FDA BLACK BOX WARNING
Suicidality and Antidepressant Drugs
Compared with placebo, antidepressants increased the risk of suicidal thinking and behavior (suicidality) in children, adolescents and young adults in short-term studies of major depressive disorder and other psychiatric disorders. Anyone considering the use of nefazodone or any other antidepressant in a child, adolescent or young adult must balance this risk with the clinical need. Short-term studies did not show an increase in the risk of suicidality with antidepressants compared with placebo in adults beyond age 24; there was a reduction in risk with antidepressants compared with placebo in adults aged 65 and older. Depression and certain other psychiatric disorders are themselves associated with increases in the risk of suicide. Patients of all ages who are started on antidepressant therapy should be monitored appropriately and observed closely for clinical worsening, suicidality or unusual changes in behavior. Families and caregivers should be advised of the need for close observation and communication with the prescriber.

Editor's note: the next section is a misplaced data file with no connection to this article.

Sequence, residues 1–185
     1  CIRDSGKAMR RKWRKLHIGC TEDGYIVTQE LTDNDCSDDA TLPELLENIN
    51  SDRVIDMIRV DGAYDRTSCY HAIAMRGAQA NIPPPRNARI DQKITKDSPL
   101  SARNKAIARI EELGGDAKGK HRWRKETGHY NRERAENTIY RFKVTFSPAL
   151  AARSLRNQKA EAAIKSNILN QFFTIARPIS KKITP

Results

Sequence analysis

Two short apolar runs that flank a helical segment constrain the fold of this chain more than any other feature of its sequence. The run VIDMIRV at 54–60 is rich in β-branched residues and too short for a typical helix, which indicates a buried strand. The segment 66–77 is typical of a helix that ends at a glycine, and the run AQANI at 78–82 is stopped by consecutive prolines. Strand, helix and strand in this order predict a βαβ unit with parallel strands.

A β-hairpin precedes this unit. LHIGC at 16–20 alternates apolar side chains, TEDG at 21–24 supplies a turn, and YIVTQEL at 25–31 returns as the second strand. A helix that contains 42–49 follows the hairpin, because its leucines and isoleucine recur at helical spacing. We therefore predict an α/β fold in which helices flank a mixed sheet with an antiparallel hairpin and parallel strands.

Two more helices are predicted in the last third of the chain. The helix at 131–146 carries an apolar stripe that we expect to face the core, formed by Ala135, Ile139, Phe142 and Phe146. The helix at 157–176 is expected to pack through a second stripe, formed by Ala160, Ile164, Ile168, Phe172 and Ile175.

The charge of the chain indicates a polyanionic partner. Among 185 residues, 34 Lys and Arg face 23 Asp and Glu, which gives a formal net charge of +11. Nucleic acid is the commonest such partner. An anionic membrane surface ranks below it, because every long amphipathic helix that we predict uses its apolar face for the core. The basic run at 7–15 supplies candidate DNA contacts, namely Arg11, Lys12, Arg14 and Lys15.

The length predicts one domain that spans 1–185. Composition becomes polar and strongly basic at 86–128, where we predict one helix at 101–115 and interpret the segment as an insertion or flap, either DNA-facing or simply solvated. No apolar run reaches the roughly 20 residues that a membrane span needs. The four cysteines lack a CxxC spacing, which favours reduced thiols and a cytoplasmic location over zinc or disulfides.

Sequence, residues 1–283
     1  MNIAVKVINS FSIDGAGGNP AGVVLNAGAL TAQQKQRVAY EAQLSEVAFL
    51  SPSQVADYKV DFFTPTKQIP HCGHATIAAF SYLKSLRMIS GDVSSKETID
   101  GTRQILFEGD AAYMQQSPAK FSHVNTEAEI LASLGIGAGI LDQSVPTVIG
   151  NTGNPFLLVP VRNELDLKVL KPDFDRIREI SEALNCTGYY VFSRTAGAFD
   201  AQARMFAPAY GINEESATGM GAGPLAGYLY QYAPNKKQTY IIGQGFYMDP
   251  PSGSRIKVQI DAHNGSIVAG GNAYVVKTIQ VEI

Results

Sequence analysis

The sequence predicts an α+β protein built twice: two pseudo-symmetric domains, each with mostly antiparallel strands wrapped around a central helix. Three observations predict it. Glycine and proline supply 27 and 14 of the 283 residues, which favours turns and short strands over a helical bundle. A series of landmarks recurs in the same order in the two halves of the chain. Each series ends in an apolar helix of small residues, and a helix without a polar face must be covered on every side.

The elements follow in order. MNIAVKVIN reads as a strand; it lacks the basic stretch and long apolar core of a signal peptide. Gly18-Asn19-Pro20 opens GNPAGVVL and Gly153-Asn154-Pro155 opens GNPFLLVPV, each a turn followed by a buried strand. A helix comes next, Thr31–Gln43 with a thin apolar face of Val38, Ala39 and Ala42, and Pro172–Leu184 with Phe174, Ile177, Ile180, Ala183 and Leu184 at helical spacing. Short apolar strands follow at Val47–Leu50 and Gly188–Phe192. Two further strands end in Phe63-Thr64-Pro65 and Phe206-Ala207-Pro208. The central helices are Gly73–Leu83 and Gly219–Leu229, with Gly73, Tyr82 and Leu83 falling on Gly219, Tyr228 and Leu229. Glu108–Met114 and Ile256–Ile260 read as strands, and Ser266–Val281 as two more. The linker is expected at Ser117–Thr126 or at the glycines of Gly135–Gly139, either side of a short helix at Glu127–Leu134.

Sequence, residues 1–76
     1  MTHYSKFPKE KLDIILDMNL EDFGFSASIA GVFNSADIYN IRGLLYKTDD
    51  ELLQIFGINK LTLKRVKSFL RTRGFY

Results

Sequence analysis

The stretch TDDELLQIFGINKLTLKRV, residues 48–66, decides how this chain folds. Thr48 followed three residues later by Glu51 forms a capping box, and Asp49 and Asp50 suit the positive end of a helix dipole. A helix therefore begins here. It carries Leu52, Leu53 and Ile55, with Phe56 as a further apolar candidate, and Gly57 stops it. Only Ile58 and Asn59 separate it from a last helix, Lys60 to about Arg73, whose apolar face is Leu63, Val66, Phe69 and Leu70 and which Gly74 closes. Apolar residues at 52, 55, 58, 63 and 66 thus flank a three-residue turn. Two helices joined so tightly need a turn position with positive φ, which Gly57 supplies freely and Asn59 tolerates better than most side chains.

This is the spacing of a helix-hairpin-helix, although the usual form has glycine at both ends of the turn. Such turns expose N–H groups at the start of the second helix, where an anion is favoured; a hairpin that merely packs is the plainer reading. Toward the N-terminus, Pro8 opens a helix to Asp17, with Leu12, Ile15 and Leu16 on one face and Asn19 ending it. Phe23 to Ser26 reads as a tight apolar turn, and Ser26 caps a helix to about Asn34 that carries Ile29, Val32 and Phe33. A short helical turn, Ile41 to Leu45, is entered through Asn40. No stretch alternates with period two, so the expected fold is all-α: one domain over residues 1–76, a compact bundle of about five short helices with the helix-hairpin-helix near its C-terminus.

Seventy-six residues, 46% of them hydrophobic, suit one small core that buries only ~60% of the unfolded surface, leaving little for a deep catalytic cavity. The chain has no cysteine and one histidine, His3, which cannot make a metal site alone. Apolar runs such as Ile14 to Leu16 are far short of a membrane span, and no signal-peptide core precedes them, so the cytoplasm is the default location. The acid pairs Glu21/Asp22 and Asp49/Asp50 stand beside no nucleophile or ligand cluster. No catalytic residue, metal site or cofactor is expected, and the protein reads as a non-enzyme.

Nefazodone is not approved for use in pediatric patients.
OTHER IMPORTANT WARNINGS
Cases of life-threatening hepatic failure have been reported in patients treated with SERZONE. The reported rate in the United States is about 1 case of liver failure resulting in death or transplant per 250,000–300,000 patient-years of Serzone treatment. The total patient-years is a summation of each patient’s duration of exposure expressed in years. For example, 1 patient-year is equal to 2 patients each treated for 6 months, 3 patients each treated for 4 months, etc.
Ordinarily, treatment with SERZONE should not be initiated in individuals with active liver disease or with elevated baseline serum transaminases. There is no evidence that pre-existing liver disease increases the likelihood of developing liver failure, however, baseline abnormalities can complicate patient monitoring.
Patients should be advised to be alert for signs and symptoms of liver dysfunction (jaundice, anorexia, gastrointestinal complaints, malaise, etc.) and to report them to their doctor immediately if they occur. SERZONE should be discontinued if clinical signs or symptoms suggest liver failure. Patients who develop evidence of hepatocellular injury such as increased serum AST or serum ALT levels .5 (greater than or equal to) 3 times the upper limit of NORMAL, while on SERZONE should be withdrawn from the drug. These patients should be presumed to be at increased risk for liver injury if SERZONE is reintroduced. Accordingly, such patients should not be considered for re-treatment.